Good luck! (Kirsha Trychta)
Sunday, November 5, 2017
Many students are trying to decide where they will find the time to get everything done. Here are some tips on finding more time:
- Block distractors while you study to avoid wasting time or getting side-tracked:
- put your phone into airplane mode
- turn off your message signal for email
- block internet sites that may tempt you
- study where others will not stop to chat
- Evaluate your class preparation time. You want to be well-prepared for class because the newer material will be tested. However, are you able to be more efficient and effective in your class preparation?
- Ask questions as you read to get more understanding during your reading which helps you to avoid re-reading sections.
- Make margin notes summarizing important points as you read so that you do not have to re-read the case to make notes/brief.
- Read for understanding and for the case essentials, not minutia; for exams, you need to apply the law from cases, not recite the cases in detail.
- Use the weekend to prepare for Monday and Tuesday classes and then review your briefs/margin notes before classes. You then free up time during the week to study for exams.
- Evaluate your outlining time. You want to focus on the tools that will help you solve new fact scenarios on the exams.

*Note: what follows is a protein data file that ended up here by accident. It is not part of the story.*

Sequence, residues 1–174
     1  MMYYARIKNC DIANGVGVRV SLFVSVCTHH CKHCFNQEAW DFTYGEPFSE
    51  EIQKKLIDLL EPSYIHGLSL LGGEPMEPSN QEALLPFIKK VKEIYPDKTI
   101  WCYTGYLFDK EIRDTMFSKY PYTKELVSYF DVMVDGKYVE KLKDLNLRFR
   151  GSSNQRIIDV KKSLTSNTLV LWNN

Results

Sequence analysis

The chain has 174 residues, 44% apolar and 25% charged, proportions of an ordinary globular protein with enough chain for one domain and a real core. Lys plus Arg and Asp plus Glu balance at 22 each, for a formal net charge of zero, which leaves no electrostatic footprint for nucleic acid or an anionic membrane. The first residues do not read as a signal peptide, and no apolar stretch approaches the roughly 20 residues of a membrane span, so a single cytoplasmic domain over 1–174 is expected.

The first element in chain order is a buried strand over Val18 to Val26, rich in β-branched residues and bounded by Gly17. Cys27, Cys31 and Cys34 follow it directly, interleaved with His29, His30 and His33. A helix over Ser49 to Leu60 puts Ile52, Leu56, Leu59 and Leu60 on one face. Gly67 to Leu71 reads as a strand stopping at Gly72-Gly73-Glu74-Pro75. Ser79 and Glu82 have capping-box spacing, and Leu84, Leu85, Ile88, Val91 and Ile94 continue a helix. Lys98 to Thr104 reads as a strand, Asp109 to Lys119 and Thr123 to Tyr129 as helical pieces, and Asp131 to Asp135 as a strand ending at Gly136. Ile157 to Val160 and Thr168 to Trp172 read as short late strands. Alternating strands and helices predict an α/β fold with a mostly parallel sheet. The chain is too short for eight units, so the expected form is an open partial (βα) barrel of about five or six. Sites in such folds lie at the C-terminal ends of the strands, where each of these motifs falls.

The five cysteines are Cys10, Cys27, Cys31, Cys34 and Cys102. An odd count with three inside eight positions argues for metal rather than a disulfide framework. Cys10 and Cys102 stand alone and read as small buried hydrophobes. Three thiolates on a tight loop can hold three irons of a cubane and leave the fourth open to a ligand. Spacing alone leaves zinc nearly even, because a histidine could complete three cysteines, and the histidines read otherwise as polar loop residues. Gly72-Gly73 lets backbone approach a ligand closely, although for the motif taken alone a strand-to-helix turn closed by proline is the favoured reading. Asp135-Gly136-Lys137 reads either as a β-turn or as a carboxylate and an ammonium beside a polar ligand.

- Avoid minutia in your outlines; focus on the important items.
- Ask yourself how an item of information will help you on the exam. If it will not be useful, then it does not need to be in the outline.
- Avoid perfectionism. Make the best outline you can in the time you have left. Next semester you can work on outlines earlier, but for now focus on utility.
- Evaluate the efficiency and effectiveness of study group/partner time.
- Are you spending mega time on study group and not spending enough time on your own learning?
- Is your group staying on task or becoming a social outlet?
- Does your study group have a set agenda for each meeting so everyone comes prepared to discuss those topics/practice questions?
- If your group is having problems, have a study group meeting with your law school's academic success professional to discuss strategies.
- Evaluate your exercise routine. Are you spending more time worrying about your abs than exercising your brain?
- Experts recommend that you get 150 minutes (30 minutes X 5 days) of exercise a week.
- Consider exercising for shorter periods of time or fewer days a week if your routine is way over the 150-minutes recommendation.